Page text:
Brouwer’s Café

Two bouncers protect one of the biggest and best beer lists in the city: a whopping 300 bottles and 64 taps loaded with Seattle houses like Lantern, Fremont and Spinnaker Bay. (Pick one to pair with the Niҫoise salad with pickled Yakima Valley hop shoots.) With a Belgian theme, the bar’s usually a boisterous good time—though it can veer into overwhelmingly loud. 400 N. 35th St.,

The Outlander

Grab a chalice off the shelves if you dare: Outlander’s are arguably Seattle’s most inventive beers. Once tap-only, the brewery just began bottling Goats n’ Roses, an ale brewed with horny goat weed and rose petals (past concoctions have featured tamarind, holy basil and roasted crickets). The pub’s in a creaky, charming old Fremont house. 225 N. 36th St.,

The Sixgill

An offshoot of Ballard’s Noble Fir, Sixgill is as distinct as the shark for which it’s named, with attentive service, 36 taps and superb bistro food like cottage pie. And no, you didn’t have one too many pints; you really are seeing a huge fiberglass model of Saturn on Sixgill’s roof (glowing at night thanks to solar panels).
3417 Evanston Ave. N.,


Schooner Exact

The beer is bright and steadfastly Northwest (Marionberry Sour, made with berries grown only in this corner of the country, and the King Street Brown, flavored with another regional favorite, hazelnuts). A broad food menu featuring beer-steamed manila clams with caramelized lemon keeps regulars here for hours. 3901 1st Ave. S.,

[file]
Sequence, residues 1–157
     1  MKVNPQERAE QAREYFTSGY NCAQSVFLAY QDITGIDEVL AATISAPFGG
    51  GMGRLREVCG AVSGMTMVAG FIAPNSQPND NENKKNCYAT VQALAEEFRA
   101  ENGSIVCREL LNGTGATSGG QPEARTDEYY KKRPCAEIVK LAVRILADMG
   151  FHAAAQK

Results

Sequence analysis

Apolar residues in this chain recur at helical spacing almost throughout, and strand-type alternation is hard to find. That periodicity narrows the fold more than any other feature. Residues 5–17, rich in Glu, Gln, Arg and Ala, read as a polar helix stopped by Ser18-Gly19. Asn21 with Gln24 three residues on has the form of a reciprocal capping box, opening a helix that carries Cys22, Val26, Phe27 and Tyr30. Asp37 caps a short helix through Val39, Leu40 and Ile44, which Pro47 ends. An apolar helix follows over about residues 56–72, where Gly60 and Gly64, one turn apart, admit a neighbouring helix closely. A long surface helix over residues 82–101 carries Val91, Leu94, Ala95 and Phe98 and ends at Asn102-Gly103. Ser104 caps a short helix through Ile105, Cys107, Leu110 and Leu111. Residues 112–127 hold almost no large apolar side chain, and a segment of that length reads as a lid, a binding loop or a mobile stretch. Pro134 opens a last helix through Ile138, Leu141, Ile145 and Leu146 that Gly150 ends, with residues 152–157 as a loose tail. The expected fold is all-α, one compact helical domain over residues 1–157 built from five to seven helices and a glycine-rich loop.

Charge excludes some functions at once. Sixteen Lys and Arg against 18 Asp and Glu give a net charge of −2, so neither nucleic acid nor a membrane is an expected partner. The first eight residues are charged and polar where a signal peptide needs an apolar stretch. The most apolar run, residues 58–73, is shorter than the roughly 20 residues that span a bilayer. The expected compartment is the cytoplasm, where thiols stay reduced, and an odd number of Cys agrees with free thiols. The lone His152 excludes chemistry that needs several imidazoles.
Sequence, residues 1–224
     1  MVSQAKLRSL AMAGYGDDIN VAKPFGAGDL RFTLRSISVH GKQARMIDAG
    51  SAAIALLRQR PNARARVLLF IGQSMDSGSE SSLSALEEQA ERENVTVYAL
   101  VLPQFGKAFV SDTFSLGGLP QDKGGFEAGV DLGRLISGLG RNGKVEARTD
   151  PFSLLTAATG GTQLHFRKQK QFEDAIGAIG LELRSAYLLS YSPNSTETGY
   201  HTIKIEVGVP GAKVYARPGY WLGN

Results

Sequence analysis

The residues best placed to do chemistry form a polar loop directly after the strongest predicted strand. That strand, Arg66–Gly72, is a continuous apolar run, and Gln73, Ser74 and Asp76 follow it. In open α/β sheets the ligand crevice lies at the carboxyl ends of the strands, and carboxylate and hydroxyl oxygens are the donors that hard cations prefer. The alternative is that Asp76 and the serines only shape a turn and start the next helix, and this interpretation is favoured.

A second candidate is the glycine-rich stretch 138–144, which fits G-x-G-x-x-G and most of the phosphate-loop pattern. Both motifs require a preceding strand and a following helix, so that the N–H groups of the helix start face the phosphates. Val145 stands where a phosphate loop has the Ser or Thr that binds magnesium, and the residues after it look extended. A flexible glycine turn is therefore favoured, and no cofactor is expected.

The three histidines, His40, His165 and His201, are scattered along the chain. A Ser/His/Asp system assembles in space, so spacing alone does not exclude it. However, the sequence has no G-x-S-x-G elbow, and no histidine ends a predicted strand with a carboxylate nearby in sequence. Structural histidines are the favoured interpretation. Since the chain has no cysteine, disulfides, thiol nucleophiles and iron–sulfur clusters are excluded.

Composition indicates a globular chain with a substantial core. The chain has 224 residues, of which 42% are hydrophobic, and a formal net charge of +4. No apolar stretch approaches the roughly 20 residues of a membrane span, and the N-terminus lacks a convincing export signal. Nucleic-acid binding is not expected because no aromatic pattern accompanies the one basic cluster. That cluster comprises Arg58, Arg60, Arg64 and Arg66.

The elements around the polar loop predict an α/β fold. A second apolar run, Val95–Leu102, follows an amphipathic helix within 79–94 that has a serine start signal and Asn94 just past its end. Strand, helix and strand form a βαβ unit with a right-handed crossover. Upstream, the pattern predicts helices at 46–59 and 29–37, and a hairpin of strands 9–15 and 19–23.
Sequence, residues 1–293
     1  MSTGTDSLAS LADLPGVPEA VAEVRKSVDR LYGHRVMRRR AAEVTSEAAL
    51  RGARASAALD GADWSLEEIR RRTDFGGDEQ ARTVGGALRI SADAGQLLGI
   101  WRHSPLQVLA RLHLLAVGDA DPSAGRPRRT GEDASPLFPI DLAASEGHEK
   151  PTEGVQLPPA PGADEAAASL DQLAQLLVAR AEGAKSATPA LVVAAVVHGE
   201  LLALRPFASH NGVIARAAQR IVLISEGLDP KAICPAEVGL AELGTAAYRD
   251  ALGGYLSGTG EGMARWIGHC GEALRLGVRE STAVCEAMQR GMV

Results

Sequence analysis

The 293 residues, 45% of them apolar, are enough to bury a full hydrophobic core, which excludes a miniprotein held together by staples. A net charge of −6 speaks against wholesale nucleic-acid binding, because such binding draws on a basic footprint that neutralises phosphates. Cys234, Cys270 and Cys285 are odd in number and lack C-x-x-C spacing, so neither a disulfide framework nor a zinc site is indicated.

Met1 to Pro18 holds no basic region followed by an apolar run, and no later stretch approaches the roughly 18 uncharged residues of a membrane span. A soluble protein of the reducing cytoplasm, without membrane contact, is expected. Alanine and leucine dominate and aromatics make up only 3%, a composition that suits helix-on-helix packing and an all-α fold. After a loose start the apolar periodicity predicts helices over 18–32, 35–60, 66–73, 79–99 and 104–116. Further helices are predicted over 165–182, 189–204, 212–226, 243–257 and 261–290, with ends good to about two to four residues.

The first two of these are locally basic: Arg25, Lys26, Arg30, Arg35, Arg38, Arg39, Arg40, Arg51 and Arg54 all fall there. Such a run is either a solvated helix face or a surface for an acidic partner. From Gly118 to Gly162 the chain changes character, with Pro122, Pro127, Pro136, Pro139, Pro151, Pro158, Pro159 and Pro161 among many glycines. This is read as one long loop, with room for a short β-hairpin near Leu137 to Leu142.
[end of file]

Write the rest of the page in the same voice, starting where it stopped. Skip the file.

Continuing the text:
Machine House Brewery

Housed in the old Seattle Brewing and Malting Building, it offers only English session ales, served traditionally—that is, casked and hand-pumped, never chilled. Crystal Maze (named after a goofy British game show) is a lemon-zesty taste revela- tion. Bonus: Machine House sits across the street from Full Throttle Bottles, a fantastic bottle shop. 5840 Airport Way S. #121,

Lowercase Brewing

With an expansive yard featuring an abstract sculpture garden by a local artist, Lowercase is a great hangout. Just five smart taps pro- vide something for everyone—and the root beer rocks, too. Lowercase also supplies Seattle’s best oyster bar, The Walrus & The Carpenter. 8103 8th Ave. S.,


Outer Planet

The OP’s tucked in the ground floor of a bland microhousing building, but its beers are any- thing but blah: Seven beers corral the usual suspects (IPA, ESB, brown ale), but each is layered and complex, like the saison infused with floral English golden hops to balance the sweetness. 1812 12th Ave. #100,

Pine Box

No need to be spooked; aside from stained glass, clerestory windows and gothic art, you may not ever notice Pine Box is housed in a former mortuary, as the crematorium and mausoleum have been removed. The wait staff appears to have been chosen on modeling potential: The beer selections are noteworthy, too, including picks from Pfriem and Black Raven. 1600 Melrose Ave.,


Toronado Seattle

An offshoot of California’s beloved Toronado bars, Seattle’s is found in the Roosevelt District near Green Lake. It’s worth wading through Seattle’s light-rail contruction for the 40 rotating taps and the standout menu; try the steak sandwich with horseradish crème fraîche. 1205 NE 65th St.,


Kate Bernot is DRAFT’s beer editor. Reach her at kate.bernot[at]